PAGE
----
Other than that, I thought the lead character was annoyingly self-destructive which made it really difficult to relate to anything he was going through.

So decent, but nothing that would separate it from the dozens of other war movies (maybe I'm just not a fan?).



Ralph Fiennes makes for the least convincing soldier ever.
Ralph Fiennes made about the most convincing Nazi I ever saw. But that was another film.


The Hurt Locker. Why do they call this "a near perfect movie"?
a) maybe the camera is a tad jumpy; just a hair too much the journalistic approach.
b) Brian Geraghty ... Spc. Owen Eldridge was a crybaby and needed Patton to slap him.

Other than that, it was perfect.

I found Jeremy Renner completely convincing in his role. Being a Navy vet and knowing many in the EOD community, and also having recently spent some time with some ex-Ranger (now private contractors) doing this exact type of work in Iraq - I thought Reinner dead-on in his performance.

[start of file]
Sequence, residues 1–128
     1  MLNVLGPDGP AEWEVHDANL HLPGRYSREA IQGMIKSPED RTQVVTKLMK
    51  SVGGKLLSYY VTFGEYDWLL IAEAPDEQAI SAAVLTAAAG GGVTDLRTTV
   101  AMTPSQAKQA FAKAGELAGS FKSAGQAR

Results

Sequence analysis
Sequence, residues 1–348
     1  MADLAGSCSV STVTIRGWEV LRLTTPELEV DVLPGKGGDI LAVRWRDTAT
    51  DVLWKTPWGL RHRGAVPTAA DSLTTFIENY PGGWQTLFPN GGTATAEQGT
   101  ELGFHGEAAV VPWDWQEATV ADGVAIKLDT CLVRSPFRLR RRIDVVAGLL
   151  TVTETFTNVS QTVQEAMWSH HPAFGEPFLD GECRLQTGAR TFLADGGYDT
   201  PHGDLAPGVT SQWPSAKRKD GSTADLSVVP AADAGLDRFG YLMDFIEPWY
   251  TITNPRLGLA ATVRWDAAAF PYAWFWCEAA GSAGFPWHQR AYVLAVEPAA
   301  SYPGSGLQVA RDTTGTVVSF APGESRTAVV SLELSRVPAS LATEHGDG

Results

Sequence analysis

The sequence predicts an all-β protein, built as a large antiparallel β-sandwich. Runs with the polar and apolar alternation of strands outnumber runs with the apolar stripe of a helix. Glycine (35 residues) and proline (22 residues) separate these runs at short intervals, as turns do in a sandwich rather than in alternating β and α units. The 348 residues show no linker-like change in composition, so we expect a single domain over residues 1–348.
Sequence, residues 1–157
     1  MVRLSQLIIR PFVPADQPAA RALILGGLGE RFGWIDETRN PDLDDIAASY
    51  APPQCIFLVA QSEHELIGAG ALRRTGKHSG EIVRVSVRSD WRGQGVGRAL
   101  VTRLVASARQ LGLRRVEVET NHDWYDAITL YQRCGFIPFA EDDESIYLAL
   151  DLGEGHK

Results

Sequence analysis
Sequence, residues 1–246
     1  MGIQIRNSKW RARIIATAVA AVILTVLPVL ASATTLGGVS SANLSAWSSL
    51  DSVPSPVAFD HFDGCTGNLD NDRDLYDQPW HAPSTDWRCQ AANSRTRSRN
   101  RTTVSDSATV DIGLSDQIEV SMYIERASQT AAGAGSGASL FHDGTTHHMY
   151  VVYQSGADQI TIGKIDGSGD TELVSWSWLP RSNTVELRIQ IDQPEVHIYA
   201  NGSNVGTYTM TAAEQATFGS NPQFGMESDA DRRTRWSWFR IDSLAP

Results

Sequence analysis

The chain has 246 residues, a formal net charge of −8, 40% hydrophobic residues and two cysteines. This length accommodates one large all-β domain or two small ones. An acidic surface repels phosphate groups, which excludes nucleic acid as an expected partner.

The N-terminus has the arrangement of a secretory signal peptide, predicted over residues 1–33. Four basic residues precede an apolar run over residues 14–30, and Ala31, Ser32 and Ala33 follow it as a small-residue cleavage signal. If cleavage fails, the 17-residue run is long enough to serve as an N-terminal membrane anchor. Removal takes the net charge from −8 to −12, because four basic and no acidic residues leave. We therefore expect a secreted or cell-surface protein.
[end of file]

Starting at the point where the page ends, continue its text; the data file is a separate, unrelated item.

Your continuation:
In terms of filmcraft, I could not find any production flaws. Looks real, all the way around. Sounds real, feels real.

One thing I liked about the film is it never became a Hollywood movie. It remained true to life and to the character of the man it was about. Uncompromising and without tabloib social messaging. This movie is about a guy who defuses bombs - a Ranger. Its pretty solid, through and through. Rare meat on a bun with not cheese.

I give it 10/10 and say it will last in film for the history of media - for all time.
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Bright light. Bright light. Uh oh.
I agree with most of what you say, except that I think it's a film about three guys. I think you need the other two soldiers [Spc Eldridge (Geraghty) and Sgt. Sanborn (Anthony Mackie)] to compare and contrast with Renner's kamikaze SSG James. That's what paints an entire picture of what could be going on over in Iraq. In fact, I think that Mackie should have been nominated Best Supporting Actor.